ON Saturday, in the National Stadium in Dublin, Eric Donovan will fight Dai Davies for the BUI Celtic Featherweight title in his fifth professional fight. He spoke with BRENDAN COFFEY to give an insight into what his week will like leading into the biggest professional fight of his career so far.
SATURDAY (2 September):
A week before my fight I have my last spar.
This is the last piece of serious work I’ll do before the fight. This
helps to keep me sharp because I’ll be winding down as the fight gets
Looking back over my training camp, I’m really happy with the work I’ve done: the sparring, the strength and conditioning, the hard runs.
From here on I’ll be focused on making weight and losing the last few pounds that I need to get down to nine stone.
Earlier in the week I recorded an interview with Newstalk’s Ger
Gilroy, a fellow Athy man. I was heading to Dublin with my two boys, Jack and Troy, for my last sparring session when I remembered that it would be playing on Off The Ball so I flicked on the station in the car.
“I’m delighted to say we’ve got Eric Donovan with us a week out from
his fight with Dai Davies….”
I hadn’t told Jack or Troy about the interview.
“Daddy, is that you on the radio?”
I had to laugh. I couldn’t have planned it better if I tried.
SUNDAY (3 September):
No alarm, no morning run, no gym work, now it’s my job to be lazy. And that can be hard when you are used to training at least twice a day. A day off is a rare thing for me. It can be hard to sit still. The kids keep me busy. With school in the
morning, it’s an early bed time for all of us. And that suits me just
This is my last full rest day. It’s just a chill day. Me and Laura and the two boys watched a movie after breakfast, Drop Dead Fred. After lunch, we went for a walk. Me and Laura had a coffee while the boys has ice cream. I wanted to eat the two ice creams! I was never as jealous of them so much.
MONDAY (4 September):
I drop the boys to school in the morning and
then it’s time for me to clock in again – I’m back on duty. At this
stage, my training is very focused. I do small sessions, no more than
40 minutes. It’s short, explosive work – a lot of sprinting.
I’ve got Boxercise tonight so I’ll be down to the gym in St Michael’s,
Athy for 8pm. It’s a busy class with 30-35 people so I need to
conserve plenty of energy for it. I’m not just a professional boxer, I
also have a business to run. Without Eric Donovan’s Boxercise & Fitness, there would be no Lilywhite Lightning. I really appreciate the understanding and support I get from my clients when I take some time off for a fight.
TUESDAY (5 September):
Depending what way I’m feeling, I’ll do one or two sessions today and the same on Wednesday. Again the sessions are short – 40 minutes at most. If I’m running, it’s a tempo run to prepare my legs for how long I’ll be on my feet in the ring on Saturday night.
On the boxing side of things, I’ll be working the pads, going through combinations and rehearsing the shots. Mental preparation is just as important. Getting the head right for Saturday means taking a step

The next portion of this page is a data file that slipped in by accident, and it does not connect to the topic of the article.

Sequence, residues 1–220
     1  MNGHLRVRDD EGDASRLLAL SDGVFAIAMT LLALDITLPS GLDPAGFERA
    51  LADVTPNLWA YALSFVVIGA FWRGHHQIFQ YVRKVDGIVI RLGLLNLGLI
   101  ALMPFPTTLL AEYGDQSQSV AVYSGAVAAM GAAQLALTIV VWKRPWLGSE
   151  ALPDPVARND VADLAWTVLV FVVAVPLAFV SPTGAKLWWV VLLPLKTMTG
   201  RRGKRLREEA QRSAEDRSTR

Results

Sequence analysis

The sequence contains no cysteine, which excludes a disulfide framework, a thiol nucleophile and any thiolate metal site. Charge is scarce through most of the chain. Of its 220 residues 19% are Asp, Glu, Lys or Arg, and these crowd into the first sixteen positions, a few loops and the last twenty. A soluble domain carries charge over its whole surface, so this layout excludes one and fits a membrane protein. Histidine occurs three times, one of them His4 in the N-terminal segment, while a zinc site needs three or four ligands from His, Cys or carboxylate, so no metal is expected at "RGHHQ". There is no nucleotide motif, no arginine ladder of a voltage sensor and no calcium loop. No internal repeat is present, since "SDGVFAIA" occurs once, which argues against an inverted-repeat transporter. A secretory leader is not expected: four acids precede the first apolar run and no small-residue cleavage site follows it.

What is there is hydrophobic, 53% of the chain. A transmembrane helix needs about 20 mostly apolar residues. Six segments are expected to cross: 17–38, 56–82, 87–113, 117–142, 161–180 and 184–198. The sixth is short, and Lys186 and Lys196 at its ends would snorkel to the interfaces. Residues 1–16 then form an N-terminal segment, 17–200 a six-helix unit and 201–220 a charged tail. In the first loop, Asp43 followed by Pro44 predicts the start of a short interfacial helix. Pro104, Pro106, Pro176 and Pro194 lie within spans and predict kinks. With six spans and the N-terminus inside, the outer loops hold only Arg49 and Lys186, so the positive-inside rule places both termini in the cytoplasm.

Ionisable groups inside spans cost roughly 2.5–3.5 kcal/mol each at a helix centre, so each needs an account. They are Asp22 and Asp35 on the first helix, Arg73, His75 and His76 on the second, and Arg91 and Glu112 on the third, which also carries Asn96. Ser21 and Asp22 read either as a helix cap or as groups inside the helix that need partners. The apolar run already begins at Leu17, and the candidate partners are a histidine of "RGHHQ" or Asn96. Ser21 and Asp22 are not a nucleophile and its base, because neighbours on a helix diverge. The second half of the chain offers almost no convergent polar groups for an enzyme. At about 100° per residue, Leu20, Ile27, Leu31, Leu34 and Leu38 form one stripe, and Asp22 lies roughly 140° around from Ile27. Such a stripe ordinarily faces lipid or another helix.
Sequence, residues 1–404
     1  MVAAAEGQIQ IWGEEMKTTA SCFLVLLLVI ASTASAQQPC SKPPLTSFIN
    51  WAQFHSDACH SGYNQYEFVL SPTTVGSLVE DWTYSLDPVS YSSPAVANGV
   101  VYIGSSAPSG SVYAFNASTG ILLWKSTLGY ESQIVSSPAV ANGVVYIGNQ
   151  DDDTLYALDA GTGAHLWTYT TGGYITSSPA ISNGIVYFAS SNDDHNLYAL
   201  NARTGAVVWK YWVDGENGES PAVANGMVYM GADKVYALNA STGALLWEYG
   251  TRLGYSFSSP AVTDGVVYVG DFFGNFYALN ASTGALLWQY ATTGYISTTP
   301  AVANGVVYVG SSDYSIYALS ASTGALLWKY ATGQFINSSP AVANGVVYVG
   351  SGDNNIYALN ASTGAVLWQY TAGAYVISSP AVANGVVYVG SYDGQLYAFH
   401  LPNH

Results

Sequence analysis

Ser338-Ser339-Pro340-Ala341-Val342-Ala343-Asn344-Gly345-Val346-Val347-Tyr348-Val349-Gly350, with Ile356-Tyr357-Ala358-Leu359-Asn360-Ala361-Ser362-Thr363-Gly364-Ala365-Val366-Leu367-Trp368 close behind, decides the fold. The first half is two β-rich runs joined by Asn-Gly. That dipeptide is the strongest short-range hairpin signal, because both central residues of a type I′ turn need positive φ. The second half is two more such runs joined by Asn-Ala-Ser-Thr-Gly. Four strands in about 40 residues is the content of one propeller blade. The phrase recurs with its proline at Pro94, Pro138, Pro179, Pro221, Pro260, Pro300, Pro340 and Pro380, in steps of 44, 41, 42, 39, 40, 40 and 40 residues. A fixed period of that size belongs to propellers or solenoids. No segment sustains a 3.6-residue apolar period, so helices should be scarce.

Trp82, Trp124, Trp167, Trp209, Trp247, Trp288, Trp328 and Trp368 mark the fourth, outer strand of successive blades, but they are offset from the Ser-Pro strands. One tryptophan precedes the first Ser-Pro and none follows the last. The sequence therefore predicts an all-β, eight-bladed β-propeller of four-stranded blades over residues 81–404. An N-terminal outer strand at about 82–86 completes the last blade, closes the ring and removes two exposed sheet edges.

back and creating my own little bubble. I’m in my own world, mostly, for the rest of the week.
THURSDAY (7 September):
Night before weigh in can be nerve-wracking. Because this is a championship fight, my weight has to be spot on. My brother, Johnjoe, often says: ‘When you lose the four or five pound that you
have to lose, you’ll be reported missing.’ In the past, during my amateur days, I would have been close to my fighting weight the whole time. At a tournament, you could have four or five fights so you have to maintain the same weight. Professional boxing is just one fight in isolation. Tonight I’ll go to bed on an empty stomach, I’m quite dehydrated and hopefully I’ll be on weight in the morning.
FRIDAY (8 September):
The weigh-in means a trip to the National Stadium so I’m out of the house before 12pm and on the road. I’ll weigh in at nine stone but I’ll only be at that weight for a short period of time. I make my weight through dehydration, so the whole idea is to be dehydrated for the least amount of time as possible and then get back up and rehydrated. I’ll weigh in at nine stone and box at nine stone ten the following night.
SATURDAY (9 September):
Finally, the day of the fight has arrived. When I stopped fighting as an amateur, I felt like I had unfinished
business with boxing. Tonight is another stepping stone for me. I really believe I have a lot of intelligence in the ring, a lot of speed, a lot of desire and heart.
I feel absolutely honoured and privileged to be representing my home town and to have fans travelling from various parts of the country to support me. To have fans is an amazing thing. For me, that’s one of the greatest motivations ever. I want to create memories for people.
As John Duddy said, a boxer is the first to get hit and the last to get paid. But there’s nowhere else I would want to be tonight. I’m excited. I know what the atmosphere will be like when I get into the Stadium and it’s a buzz you can’t get from anything else in life.